In the description above the invention has been described in connection with a gear box having a continuously variable gear transmission ratio. The invention may however also be used together with a stepped gear box where gear transmission ratio is changed in discrete steps. During normal driving the principle of controlling the vehicle velocity indirectly by changes in transmission gear ratio is then still valid for big changes in velocity. The actuation range of the accelerator is divided into as many intervals as the number of steps in the gear box intended for normal driving. At the upper actuation range of each such interval the engine throttle or fuel supply will be at its maximum. It is then successively reduced towards the lower end of the interval so as to be adapted to full throttle or fuel supply at the higher transmission ratio of the next lower accelerator actuation interval. The engine throttle or fuel supply is thus used for small changes of velocity within each interval.
In this case too it is advantageous that the engine rpm is restricted to values below those where the engine power is at maximum or under engine braking conditions below detrimental values. Also it is advantageous to use low gear ratios and velocity control by throttle or fuel supply within a special low speed interval of the accelerator.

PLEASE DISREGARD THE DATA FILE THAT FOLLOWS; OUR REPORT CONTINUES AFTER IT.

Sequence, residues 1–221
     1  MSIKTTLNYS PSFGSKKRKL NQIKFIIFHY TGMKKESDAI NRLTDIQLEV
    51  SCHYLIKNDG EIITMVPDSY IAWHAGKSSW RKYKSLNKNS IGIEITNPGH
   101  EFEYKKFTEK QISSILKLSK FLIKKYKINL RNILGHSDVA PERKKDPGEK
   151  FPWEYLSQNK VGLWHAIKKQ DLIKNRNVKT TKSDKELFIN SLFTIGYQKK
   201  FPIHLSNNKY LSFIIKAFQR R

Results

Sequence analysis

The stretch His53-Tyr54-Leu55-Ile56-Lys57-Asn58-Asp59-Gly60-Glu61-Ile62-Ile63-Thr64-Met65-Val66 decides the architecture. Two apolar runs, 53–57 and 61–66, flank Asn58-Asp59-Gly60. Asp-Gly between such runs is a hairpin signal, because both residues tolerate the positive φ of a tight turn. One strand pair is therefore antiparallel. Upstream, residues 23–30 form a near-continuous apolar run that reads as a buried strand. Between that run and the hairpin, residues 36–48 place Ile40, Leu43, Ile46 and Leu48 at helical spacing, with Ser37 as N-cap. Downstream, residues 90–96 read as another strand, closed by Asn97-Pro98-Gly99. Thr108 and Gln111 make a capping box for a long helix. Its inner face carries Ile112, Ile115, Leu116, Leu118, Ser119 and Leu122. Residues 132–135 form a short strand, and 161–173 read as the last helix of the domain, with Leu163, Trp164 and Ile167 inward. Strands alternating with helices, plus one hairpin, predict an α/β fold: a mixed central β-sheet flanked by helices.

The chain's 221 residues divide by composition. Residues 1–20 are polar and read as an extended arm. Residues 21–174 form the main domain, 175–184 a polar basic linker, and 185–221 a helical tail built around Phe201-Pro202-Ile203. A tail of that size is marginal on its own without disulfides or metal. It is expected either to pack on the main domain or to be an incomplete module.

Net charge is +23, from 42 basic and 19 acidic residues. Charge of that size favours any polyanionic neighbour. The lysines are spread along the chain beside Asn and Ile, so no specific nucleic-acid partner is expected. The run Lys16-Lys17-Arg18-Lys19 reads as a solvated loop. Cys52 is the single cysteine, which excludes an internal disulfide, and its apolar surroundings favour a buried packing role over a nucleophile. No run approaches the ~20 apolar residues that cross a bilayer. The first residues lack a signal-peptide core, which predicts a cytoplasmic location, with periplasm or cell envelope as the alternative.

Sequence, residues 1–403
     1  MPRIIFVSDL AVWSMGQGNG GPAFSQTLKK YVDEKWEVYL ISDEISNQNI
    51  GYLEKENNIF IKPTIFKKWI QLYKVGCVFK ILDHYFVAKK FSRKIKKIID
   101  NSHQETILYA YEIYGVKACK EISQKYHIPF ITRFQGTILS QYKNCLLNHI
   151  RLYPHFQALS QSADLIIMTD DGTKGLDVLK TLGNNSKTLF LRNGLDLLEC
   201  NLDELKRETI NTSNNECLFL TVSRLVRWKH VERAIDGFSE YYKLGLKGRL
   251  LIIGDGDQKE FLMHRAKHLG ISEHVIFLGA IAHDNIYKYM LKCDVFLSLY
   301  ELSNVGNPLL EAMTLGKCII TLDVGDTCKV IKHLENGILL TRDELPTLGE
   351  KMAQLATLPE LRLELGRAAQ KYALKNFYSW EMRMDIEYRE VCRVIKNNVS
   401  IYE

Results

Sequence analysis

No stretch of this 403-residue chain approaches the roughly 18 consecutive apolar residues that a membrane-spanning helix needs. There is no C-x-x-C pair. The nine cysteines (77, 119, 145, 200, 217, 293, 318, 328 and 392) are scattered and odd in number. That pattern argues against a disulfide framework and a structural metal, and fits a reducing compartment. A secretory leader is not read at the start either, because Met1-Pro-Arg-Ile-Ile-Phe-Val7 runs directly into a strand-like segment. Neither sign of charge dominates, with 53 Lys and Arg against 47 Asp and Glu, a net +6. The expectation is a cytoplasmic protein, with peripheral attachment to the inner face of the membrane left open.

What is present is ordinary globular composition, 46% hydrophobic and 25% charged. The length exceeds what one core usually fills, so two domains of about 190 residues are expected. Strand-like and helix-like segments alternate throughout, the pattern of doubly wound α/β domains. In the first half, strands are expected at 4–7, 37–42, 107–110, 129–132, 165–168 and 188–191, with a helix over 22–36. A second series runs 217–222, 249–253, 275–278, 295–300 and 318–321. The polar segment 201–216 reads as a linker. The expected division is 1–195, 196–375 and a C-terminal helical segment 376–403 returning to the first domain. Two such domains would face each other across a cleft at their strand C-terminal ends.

Both in the case of continuously variable gear box and the case of stepped gear box it is possible to connect the accelerator mechanism to an automatic cruise control either in the form of a separate unit or incorporated into the control system.
In the description above the terms maximum throttle or fuel supply have been used to describe the maximum for which the engine is designed to operate under normal conditions. For environmental reasons or for reasons of wear or other reason this may be below the absolute maximum (overload). Such an overload situation is then avoided under normal driving. The accelerator of the vehicle may then be designed so that when fully actuated, it also increases throttle or fuel supply to this maximum so that the engine power can be utilized to its absolute maximum. In some cases, for instance for environmental reasons, it may be advantageous to make the maximum throttle or fuel supply variable. It may be determined by some internal factor such as engine rpm, or, by means of a control, external circumstances such as whether the vehicle is used in urban traffic or in the countryside. It may also be determined by the quality of fuel that is used and so on.
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|U.S. Classification||477/43, 477/46, 477/121|
|International Classification||B60W30/188, B60W10/101, B60W10/04, F16H61/02, F02D41/04, F16H59/24, F16H61/00, F16H59/18, F02D29/00, B60W10/06|
|Cooperative Classification||B60W30/1819, B60W10/04, B60W10/10, F16H59/18, Y10T477/623, B60W10/101, F16H59/24, Y10T477/6242, B60W10/06, B60W30/188, F16H2061/0015, Y10T477/693, F16H2061/0012, F16H61/0213|
|European Classification||B60W30/188, B60W10/101, B60W10/06|
|Sep 23, 2005||FPAY||Fee payment|
Year of fee payment: 4
|Nov 2, 2009||REMI||Maintenance fee reminder mailed|
|Mar 26, 2010||LAPS||Lapse for failure to pay maintenance fees|
|May 18, 2010||FP||Expired due to failure to pay maintenance fee|
Effective date: 20100326